THURSDAY, JULY 10Playing Thursday:
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The Trashwomen audition for Celebrity Circus.
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Eyes on the prize: Mavis Staples
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Candied knights: Matmos
YAZ at the Orpheum Theatre (see Music feature); THE BLASTERS at Levitt Pavilion, Pasadena, 7:30 p.m.; THE DEADLY SYNDROME, MISS DERRINGER at Hammer Museum, 8 p.m.; KING KHAN & THE SHRINES, JACUZZI BOYS at the Echo; TILLY & THE WALL at the Echoplex, 7:30 p.m.; DON BYRON, BILLY CHILDS & JOE HENRY at Largo at the Coronet; THE GUTTER TWINS, ED HARCOURT at the Roxy; ROBERT FRANCIS at the Troubadour.
FRIDAY, JULY 11
B.B. King, Mavis Staples, Leon Russell at Pacific Amphitheater
Talk about running the gamut. Whether it’s the highly spiced sting of renowned blues ambassador B.B. King’s storied ax, Lucille, the sanctified gospel-to-funk tumult of the incomparable vocalist Mavis Staples or the quasi-mystical rock & roll philosophizing of the unpredictable Oklahoma titan Leon Russell, this bill represents a fascinating layer-upon-layer display of vernacular pop culture. Each of the performers has risen from both unlikely and decidedly humble origins to attain an impressive degree of success, fame and, more important, artistic significance. King, Staples and Russell have all exerted a pervasive influence, one that reaches far beyond the sterile confines of the marketplace and into the common American soul, and whether you crave lowdown blues, spiritual elevation or psychedelicized hillbilly insight, this show rates as a three-headed model of sheer musical temptation. (Jonny Whiteside)
Also playing Friday:
YAZ at the Orpheum Theatre; SUPERGRASS at Amoeba Music, 7 p.m.; MARIA TAYLOR at the Echoplex; GREG GINN at Fais Do-Do; CUTE LEPERS, SUN TRASH, THE BILLYBONES at the Knitting Factory; THE CHAPIN SISTERS at McCabe’s; ALBERT HAMMOND JR. at Spaceland.
SATURDAY, JULY 12
The Trashwomen, The Flakes, The Jinxes at Mr. T’s Bowl
Proving the theory of devolution, the Trashwomen are back together again, headlining a bill of like-minded lowlifes who seem stubbornly disinterested in taking advantage of the significant advances in musical technology over the past 40 years. Society thought it had gotten off easily when San Francisco trio the Trashwomen broke up in the ’90s, but damage spread further when two members, Tina Lucchesi and Danielle Pimm, formed the garage-punk hellions the Bobbyteens. Now they’ve reunited with guitarist Elka Zolot for more mayhem, stomping “Justine” and “Peter Gunn” into barely recognizable, fuzzy little bits and slamming out surf crudities like “Space Needle” and the self-explanatory “I’m Trash.” Fellow Bay Area reprobates the Flakes are “five long-haired creeps who like money and old records,” and they have an energetic early-Stones garage-rock snarl on tracks like “Sadie Slye” and “Amberjean” from their rippin’ 2005 CD, Back to School (Dollar Records). Los Angeles answers back with the Farfisa-pumped caveman declarations of the Jinxes. (Falling James)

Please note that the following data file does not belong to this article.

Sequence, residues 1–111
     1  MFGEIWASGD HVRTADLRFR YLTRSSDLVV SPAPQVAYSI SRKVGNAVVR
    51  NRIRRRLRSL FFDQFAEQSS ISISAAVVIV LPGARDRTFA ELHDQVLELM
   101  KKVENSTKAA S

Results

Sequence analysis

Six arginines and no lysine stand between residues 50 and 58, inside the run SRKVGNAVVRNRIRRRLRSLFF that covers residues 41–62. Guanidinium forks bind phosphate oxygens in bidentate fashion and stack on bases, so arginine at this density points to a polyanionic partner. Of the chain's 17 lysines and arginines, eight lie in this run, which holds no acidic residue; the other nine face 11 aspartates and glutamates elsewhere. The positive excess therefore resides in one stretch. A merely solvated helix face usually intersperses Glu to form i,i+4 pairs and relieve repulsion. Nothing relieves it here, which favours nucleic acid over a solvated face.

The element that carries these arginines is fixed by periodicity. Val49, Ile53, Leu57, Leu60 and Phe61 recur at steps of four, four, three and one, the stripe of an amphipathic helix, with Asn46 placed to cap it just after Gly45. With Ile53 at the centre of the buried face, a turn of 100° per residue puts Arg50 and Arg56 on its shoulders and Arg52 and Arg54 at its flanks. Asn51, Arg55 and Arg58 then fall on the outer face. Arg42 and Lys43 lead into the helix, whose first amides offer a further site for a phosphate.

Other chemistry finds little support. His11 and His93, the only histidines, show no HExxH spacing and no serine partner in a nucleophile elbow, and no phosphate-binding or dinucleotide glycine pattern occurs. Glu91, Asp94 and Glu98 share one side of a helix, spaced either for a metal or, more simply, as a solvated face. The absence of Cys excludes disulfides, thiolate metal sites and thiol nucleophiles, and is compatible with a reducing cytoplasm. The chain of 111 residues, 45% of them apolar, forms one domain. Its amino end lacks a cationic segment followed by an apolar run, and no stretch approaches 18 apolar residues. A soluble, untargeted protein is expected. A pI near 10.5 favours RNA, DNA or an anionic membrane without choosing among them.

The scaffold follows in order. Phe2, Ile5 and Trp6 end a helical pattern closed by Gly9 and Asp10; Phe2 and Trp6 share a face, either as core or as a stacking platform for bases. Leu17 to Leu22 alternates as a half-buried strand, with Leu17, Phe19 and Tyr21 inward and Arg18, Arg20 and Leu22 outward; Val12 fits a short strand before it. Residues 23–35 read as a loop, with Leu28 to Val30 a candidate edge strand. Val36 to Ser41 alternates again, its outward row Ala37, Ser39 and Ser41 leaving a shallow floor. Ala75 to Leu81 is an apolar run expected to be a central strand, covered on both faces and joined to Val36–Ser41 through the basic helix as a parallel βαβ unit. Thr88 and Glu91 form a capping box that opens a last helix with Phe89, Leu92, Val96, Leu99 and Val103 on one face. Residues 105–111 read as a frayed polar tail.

Rachid Taha at California Plaza
Sometimes multiple-musical-personality disorder offers a way out of the chaos. In Rachid Taha’s case, will the righteous pan-Arab neo-trad punk or the teetering self-parodist leather-clad rocker take the stage? He could barely stagger upright at the Knitting Factory last time in town, his growl more sodden slur than gravelly shout, his band bravely annihilating then reconstituting the raucous sonorities. Yet a pre-911 gig at Bimbo’s 365 in S.F. still ranks among the most revelatory roc del mundo mashdowns I’ve ever danced my ass off to, on par with Manu Chao and the Pogues at their most recklessly effusive. No surprise that Rachid’s latest collection, Rock El Casbah — The Best Of, bears obvious homage to the Clash, considering his peerless cover of that paradoxical signature tune. But the French-bred Algerian iconoclast also counts rai progenitor Messaoud Bellemou among his heroes, and worldly psychedelicist Steve Hillage among his collaborators: There are plenty of chefs in Taha’s madly creative soul kitchen. (Tom Cheyney)
Supergrass at Avalon
While some bands parlay a fortuitous collision with fashion into fleeting adulation, others are simply destined to become crowd-pleasing stalwarts on sheer musical merit. Supergrass are the latter, their mischievous sense of melody, charming audio curiosity and unpretentiously stylized delivery (not to mention a rhythm section apparently synced-up at birth) having earned them an era-defying, theater-filling longevity. Damn it, they’re a career band — just when we thought the major labels had stamped out such substantive nonsense! Fifteen years after their cheeky-chappy, proto-Chav debut single, “Caught by the Fuzz” — and those arrestingly simian sideburns — collared indie-heads everywhere, Supergrass are continuing the Britpop lineage of the Small Faces, the Kinks, Buzzcocks, the Jam and Madness that can be so clearly traced through their songs. Following 2005’s more acoustic, wistful Road to Rouen, this year’s full-length, Diamond Hoo Haa, is a more overtly fan-friendly effort that glints with Bowiesque glam grandeur and Elton John–y melancholy. Also at Amoeba Music, Fri., 7 p.m. (Paul Rogers)